High Court Orders to Destroy Last Migron Buildings

High Court gives state 45 days to evacuate last seven buildings of Samaria town, despite lack of Arab litigant claiming land.

Shlomo Pyotrkovsky, Ari Yashar,

Destruction in Migron (file)
Destruction in Migron (file)
Oren Nahshon/Flash 90

High Court judges on Tuesday ordered the state within 45 days to evacuate the last seven buildings left of the evacuated town of Migron, located in the Binyamin region of Samaria - despite the lack of land claims against the town.

Migron residents were expelled in September 2012, after the High Court accepted the suit by radical leftist group Peace Now and denied the claims of the Jewish residents, forcing them to move to a facility in Givat Hayekev.

Much of the town was destroyed after Arab residents of the area claimed ownership of the land, this despite the fact that the Arab claimants withdrew their lawsuit when requested to present proof of their claims, and the Attorney General found that the claims could not be substantiated.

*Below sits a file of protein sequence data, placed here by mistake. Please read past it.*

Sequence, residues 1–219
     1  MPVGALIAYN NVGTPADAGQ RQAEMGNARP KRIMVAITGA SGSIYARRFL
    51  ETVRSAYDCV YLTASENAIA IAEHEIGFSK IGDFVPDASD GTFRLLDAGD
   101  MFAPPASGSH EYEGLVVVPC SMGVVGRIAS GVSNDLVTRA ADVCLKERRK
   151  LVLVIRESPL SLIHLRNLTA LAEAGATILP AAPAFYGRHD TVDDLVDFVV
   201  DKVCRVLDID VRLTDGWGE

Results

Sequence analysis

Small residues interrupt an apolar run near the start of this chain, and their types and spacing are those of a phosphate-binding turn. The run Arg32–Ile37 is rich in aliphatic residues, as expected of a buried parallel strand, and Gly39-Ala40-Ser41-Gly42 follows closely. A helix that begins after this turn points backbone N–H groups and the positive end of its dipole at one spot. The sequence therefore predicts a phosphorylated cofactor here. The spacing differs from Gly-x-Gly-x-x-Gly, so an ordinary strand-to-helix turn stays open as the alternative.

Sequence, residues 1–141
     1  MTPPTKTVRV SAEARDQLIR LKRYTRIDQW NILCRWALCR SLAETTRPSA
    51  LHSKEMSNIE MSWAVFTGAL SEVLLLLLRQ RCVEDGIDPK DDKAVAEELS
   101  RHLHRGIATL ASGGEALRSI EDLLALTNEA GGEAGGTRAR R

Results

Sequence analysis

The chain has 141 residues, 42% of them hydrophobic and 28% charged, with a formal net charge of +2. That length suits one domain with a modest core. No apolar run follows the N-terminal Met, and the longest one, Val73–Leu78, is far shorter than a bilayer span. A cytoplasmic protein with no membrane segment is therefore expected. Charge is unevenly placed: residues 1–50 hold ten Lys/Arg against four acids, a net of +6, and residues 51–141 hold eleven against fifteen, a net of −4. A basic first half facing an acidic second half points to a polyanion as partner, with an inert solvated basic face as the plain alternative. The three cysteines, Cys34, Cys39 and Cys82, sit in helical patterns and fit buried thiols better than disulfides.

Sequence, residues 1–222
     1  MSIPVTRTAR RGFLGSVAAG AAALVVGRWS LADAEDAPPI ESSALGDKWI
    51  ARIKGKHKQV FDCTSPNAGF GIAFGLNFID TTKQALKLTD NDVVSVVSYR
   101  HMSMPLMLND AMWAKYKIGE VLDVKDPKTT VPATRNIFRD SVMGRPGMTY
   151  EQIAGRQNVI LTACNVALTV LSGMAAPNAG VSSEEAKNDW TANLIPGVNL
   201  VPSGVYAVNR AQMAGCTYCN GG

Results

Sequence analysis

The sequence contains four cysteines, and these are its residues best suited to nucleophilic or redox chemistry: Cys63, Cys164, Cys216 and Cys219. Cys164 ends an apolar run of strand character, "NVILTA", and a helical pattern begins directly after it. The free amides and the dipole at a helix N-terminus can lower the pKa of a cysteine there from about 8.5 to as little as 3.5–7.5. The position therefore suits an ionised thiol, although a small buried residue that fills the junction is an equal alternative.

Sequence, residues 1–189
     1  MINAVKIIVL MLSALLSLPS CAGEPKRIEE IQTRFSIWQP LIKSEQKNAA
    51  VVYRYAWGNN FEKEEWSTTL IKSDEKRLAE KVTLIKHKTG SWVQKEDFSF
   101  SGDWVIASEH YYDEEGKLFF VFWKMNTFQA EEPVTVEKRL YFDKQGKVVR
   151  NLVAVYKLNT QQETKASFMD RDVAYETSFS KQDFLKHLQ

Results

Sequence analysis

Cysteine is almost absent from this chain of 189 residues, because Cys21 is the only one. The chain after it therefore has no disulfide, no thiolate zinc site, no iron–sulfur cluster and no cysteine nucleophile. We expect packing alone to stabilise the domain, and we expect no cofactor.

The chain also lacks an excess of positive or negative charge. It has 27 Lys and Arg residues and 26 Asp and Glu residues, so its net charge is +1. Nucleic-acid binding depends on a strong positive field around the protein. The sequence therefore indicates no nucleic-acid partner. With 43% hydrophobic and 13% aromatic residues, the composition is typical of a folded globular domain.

Nevertheless, Peace Now stepped in and pushed the case on, eventually getting the High Court to rule that Jews can not live on and develop any land not currently registered as state land.

In the court decision, the judges Miriam Naor, Tzvi Zilbertal and Ori Shoham rejected the claim of the company Al Watan to having purchased "plot 10" of the town where the seven buildings are located. The company is going through civilian proceedings to prove ownership and save the structures.

"The departure point for our case is the ruling in the central proceedings, in which it was ruled that the state has to evacuate the Migron outpost," said Naor. "As is known, the court has the inherent authority to extend the periods set in the ruling. But the use of this authority is only to be done in extraordinary cases."

The judge noted the ruling does not create irreversible facts on the ground.

"My conclusion is that the evacuation of the buildings should be order while considering that we are dealing with several portable buildings, that are standing empty from residents," said Naor. "If Al Watan wins in the suit it is holding in the district court, it can establish the mobile structures again in accordance with planning ordinances and receiving appropriate licenses. But there is no justification for delaying the evacuations until a ruling in the civilian lawsuit."

The judges ordered the company to pay legal expenses totaling 30,000 shekels (over $7,500) to the Arab claimant who originally petitioned to evacuate Migron claiming the land belonged to him.

However, the judges ruled that cellular antennas placed on the site are not to be removed for another 60 days to allow the cellular companies to file suits on the matter.




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